Silencing of free press spells trouble for Rwanda’s future


Near the end of his riveting if unrelievedly sombre chronicle of Rwanda’s descent into total one-man rule, the American journalist Anjan Sundaram recounts the day in 2010 one of his colleagues explained to him why Rwandan president Paul Kagame is systematically stifling the country’s free press and literally eradicating its journalists. “He has a plan in mind starting with this election to keep power with his close ones for many generations,” he told the author.

Sundaram was in Rwanda on an assignment to train journalists in a program financed by the United Kingdom and the European Union, just two of the donor countries who underwrite half Rwanda’s budget — and the colleague was a student of his. Clearly, he was very well-sourced. At the end of last year the Rwandan people voted in what is widely regarded as a rigged referendum to amend the constitution to permit Kagame to run for an unprecedented third seven-year term and potentially hold power until 2034. And so aside from its other merits, BAD NEWS, The Last Journalists in a Dictatorship, is also quite prophetic.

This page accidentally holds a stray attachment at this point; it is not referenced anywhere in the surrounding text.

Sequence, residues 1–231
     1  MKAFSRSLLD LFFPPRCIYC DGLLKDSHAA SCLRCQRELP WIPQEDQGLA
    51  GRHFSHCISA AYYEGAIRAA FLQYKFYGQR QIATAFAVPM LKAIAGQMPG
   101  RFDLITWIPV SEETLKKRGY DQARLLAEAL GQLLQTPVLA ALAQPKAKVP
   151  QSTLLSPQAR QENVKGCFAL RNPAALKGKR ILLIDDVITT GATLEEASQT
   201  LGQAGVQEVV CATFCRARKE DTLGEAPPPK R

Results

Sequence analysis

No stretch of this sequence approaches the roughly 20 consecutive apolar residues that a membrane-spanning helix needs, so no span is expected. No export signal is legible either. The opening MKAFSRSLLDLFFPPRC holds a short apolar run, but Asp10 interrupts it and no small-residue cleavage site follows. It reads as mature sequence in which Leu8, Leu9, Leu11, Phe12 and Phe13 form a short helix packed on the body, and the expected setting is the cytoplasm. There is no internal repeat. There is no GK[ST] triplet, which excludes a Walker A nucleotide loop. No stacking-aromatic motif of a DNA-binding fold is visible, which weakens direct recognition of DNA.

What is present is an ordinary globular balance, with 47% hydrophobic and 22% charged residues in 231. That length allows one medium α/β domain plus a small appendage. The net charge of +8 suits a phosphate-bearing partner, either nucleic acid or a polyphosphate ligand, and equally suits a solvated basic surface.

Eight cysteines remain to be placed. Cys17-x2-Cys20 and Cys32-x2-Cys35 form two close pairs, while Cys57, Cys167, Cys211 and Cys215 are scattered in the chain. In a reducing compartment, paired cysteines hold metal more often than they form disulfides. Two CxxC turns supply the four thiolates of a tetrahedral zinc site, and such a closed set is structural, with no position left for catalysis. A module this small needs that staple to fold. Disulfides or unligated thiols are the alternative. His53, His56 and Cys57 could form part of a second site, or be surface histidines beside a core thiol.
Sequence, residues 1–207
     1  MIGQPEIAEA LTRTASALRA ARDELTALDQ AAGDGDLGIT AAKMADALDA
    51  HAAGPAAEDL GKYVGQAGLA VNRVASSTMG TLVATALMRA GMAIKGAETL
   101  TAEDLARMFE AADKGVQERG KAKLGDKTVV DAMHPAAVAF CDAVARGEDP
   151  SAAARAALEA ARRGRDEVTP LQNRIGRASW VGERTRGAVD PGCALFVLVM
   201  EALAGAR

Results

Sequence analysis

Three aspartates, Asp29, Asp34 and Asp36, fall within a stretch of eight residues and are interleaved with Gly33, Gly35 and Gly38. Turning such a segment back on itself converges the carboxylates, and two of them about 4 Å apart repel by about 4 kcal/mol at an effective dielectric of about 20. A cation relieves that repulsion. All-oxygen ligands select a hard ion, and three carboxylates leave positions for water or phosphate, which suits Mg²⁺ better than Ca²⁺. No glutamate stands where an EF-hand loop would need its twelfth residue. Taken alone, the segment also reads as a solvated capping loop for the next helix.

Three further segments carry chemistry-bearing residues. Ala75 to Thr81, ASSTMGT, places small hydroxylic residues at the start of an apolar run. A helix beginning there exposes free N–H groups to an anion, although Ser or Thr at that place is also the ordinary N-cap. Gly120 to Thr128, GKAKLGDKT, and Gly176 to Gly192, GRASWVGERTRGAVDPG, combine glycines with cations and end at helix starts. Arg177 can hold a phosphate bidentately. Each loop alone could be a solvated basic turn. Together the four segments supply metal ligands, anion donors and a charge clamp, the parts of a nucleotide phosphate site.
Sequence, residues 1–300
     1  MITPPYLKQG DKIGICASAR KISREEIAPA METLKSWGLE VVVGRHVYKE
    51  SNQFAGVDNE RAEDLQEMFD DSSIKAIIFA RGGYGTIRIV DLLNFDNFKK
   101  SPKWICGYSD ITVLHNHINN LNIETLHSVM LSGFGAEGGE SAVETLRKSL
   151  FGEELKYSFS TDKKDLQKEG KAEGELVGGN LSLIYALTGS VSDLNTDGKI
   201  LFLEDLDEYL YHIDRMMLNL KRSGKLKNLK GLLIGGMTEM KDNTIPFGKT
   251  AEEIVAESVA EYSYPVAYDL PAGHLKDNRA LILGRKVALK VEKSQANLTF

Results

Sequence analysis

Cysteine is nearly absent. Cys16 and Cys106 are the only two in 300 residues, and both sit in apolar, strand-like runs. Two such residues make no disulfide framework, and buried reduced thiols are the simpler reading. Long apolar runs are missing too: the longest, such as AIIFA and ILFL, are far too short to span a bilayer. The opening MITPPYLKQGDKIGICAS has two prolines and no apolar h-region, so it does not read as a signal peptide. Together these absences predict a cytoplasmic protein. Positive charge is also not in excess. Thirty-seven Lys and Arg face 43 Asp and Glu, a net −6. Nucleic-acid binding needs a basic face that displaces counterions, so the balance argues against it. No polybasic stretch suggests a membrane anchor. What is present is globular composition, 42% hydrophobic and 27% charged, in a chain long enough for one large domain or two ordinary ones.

Initially, Sundaram meets with some success enlisting a coterie of talented young reporters. But over the course of this story, one after another “disappears”: one is beaten into a coma and then escapes abroad; another is murdered in cold blood; yet another is imprisoned; and finally, the “hero,” of sorts, of this book, a young man named Gibson, is bullied and brutalized into catatonic irrelevance.

Along the way, Rwanda’s free press is systematically shut down, starting with the country’s premier newspaper, Umuseso. A seasoned Rwandan journalist named Moses succinctly captures the implication of this muzzling of independent information sources. “When Umuseso closed . . . it was the beginning of the ‘pensee unique.’ Of a single way of thinking.”

There is something particularly chilling about the way Kagame exercises power — absolute power — in his country and it distills down to “mind control.” At another point in the book, one of Sundaram’s more cynical, if perceptive, colleagues explains how power is exercised in Rwanda. “You know, people are only free when they are not.” He pointed to his head and then said “The control is here, once you are controlled here, then they let you walk around like you are free.”

At the conclusion of Bad News, Sundaram is harshly critical of countries in the West, Canada likely included, that finance Kagame’s brutal regime and demand no accountability for his accumulating sins.

It’s a profound warning of the dangers of not having a free press.

The Toronto Star

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